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ceebee
01-08-2005, 10:42 AM
I received an e-mail from a "Kathy@bca-pool.com". It looked real & I know Kathy, at the Billiard Congress of America. My AVG Virus program said not to download, because the message contained a VIRUS.

I'm sure the email address is a hoax... be careful out there. This is not a Pool Related message, but it is very important that you people be alerted... cb

DavidMorris
01-08-2005, 10:50 AM
This is a common virus attack. It doesn't mean that Kathy is involved at all or that the e-mail originated from her. Most e-mail viruses today are spread to everybody in the infected person's address book, and each return address is "spoofed" or faked with another randomly chosen address from the list. So some 3rd party who has both yours and Kathy's address could be the infected source of the virus.

If you know how to read the raw e-mail headers, you can usually narrow down the ISP that the e-mail originated from. That might clue you in if you and Kathy can figure out someone who has both of your addresses.

ceebee
01-08-2005, 12:48 PM
I realize that Kathy Simmons, of the BCA, is not resposible for this action. Someone has possibly chosen that name to send out the "virus infected e-mails".

I could not read the "RAW address", because my virus protection program warned me not to open the file.

I have sent an email to Kathy, at BCA, telling her about the incident.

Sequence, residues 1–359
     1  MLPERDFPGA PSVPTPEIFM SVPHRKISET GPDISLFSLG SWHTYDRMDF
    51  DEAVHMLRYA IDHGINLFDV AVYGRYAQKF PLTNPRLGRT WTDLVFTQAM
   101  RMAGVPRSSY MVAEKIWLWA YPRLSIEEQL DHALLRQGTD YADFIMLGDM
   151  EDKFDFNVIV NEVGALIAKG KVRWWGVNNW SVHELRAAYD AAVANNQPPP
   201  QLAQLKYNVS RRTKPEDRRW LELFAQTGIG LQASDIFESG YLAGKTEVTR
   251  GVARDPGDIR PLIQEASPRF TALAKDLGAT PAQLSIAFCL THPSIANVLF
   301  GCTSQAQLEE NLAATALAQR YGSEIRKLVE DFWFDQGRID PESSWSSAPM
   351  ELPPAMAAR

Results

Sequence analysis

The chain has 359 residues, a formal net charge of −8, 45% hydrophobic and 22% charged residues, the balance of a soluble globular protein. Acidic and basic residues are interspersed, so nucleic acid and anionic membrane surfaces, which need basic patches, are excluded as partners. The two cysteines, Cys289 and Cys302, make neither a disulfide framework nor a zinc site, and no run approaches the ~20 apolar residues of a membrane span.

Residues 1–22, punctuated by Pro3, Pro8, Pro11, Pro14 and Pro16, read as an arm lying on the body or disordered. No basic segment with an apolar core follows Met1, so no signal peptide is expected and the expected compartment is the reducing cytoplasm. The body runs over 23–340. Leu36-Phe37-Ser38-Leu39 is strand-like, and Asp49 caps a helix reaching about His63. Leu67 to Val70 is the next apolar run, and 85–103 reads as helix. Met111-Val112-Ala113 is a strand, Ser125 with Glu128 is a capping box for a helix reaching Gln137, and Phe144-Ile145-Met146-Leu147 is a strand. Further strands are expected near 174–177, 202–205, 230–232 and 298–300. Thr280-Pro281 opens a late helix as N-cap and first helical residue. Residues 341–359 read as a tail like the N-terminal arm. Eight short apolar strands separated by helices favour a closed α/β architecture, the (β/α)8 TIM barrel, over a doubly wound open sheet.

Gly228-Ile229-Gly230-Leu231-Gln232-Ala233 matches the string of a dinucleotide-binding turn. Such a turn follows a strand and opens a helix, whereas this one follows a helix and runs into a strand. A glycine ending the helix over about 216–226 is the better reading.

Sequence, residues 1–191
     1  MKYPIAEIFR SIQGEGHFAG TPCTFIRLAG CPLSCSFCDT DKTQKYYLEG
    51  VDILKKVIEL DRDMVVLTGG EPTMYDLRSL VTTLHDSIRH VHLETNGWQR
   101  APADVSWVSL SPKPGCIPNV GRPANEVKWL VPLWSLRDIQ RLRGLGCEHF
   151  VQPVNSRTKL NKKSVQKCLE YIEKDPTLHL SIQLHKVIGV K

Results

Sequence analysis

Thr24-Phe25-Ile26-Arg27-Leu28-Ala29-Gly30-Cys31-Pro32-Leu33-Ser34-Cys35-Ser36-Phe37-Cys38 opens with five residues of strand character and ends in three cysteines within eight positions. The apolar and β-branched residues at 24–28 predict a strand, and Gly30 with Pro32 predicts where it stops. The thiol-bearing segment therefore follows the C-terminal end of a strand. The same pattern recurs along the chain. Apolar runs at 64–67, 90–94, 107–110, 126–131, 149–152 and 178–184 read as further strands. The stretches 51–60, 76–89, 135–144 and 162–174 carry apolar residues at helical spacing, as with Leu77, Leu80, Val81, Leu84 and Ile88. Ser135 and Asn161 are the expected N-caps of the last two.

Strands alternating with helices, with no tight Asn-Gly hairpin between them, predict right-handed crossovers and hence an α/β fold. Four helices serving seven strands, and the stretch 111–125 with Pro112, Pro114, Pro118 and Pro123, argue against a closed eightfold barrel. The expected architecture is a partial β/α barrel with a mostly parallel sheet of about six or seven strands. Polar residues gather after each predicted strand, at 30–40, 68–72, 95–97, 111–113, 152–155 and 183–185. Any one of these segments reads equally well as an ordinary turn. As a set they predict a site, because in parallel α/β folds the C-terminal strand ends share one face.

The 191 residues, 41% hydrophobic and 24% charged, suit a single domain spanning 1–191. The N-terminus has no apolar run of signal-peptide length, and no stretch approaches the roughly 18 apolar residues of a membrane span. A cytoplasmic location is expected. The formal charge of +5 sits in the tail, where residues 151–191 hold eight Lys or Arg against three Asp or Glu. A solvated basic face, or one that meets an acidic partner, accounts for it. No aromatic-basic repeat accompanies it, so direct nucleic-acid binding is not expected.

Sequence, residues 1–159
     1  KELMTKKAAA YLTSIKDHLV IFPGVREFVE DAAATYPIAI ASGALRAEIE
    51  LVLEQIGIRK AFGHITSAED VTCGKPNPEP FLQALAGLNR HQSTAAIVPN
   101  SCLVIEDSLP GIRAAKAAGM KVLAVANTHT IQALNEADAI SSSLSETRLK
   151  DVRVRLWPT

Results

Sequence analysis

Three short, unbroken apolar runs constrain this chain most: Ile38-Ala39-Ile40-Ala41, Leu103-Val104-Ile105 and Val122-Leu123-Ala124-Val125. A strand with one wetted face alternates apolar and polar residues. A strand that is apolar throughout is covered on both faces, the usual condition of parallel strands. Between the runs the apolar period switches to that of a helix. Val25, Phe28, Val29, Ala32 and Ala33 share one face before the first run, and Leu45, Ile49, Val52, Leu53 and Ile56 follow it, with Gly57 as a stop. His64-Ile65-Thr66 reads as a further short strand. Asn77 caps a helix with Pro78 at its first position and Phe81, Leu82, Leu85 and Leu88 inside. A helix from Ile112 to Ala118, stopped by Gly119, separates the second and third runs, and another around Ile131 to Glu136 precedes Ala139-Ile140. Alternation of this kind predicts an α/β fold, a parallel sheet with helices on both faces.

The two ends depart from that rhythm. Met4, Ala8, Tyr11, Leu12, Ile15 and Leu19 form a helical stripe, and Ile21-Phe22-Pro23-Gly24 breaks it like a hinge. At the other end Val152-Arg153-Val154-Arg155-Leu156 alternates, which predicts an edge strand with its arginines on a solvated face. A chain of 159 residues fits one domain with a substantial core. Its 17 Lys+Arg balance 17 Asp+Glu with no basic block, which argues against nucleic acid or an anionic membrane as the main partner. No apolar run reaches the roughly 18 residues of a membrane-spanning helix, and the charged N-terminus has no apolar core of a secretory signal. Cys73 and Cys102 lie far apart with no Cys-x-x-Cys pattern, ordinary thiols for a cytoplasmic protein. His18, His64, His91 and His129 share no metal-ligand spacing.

DavidMorris
01-08-2005, 01:42 PM
<blockquote><font class="small">Quote ceebee:</font><hr> I realize that Kathy Simmons, of the BCA, is not resposible for this action. Someone has possibly chosen that name to send out the "virus infected e-mails".<hr /></blockquote>
Just to clarify: if this is the type of virus I'm thinking of (and almost certain it is), somebody didn't choose Kathy's name to send out virii. Somebody out there on the net is running Outlook or Outlook Express (and this is a good reason NOT to use those e-mail clients) and have been infected by a virus. They likely don't know they are infected. This virus goes through their Outlook address book, and sends copies of itself to everybody in the list. The return address is forged to look like it came from somebody ELSE in the list, not from the sender. So this infected person just happens to have both yours and Kathy's e-mail addresses. In all probability, Kathy has also received the same message -- possibly even coming from YOUR e-mail address.

[ QUOTE ]
I could not read the "RAW address", because my virus protection program warned me not to open the file.

I have sent an email to Kathy, at BCA, telling her about the incident. <hr /></blockquote>
Reading the raw headers will not infect you in any way. Generally speaking, you can only get infected from an attachment, not from the e-mail message itself nor the e-mail headers (there are some rare exploits of script in HTML e-mails sent to Outlook). But if you're running Outlook or Outlook Express and aren't technically familiar with how to do it, you're probably better off to just delete it and not bother -- because Outlook is terribly insecure and easy to exploit.

And notifying Kathy won't likely lead anywhere, unless she happened to already discover the infected person. She'll probably tell you she gets these messages too. I was just clarifying for any who might not know, that the message isn't coming from her PC, and they aren't coming from someone who is intentionally sending them out and using Kathy's address. It's all done behind the scenes by a virus somewhere else.

Many people freak and assume when they get a virus e-mail from Grandma that Grandma must be infected. That is rarely the case.

I'll also take this opportunity to encourage people to use alternative e-mail clients. There are numerous free ones out there. I use and recommend Thunderbird. (http://www.mozilla.org/products/thunderbird)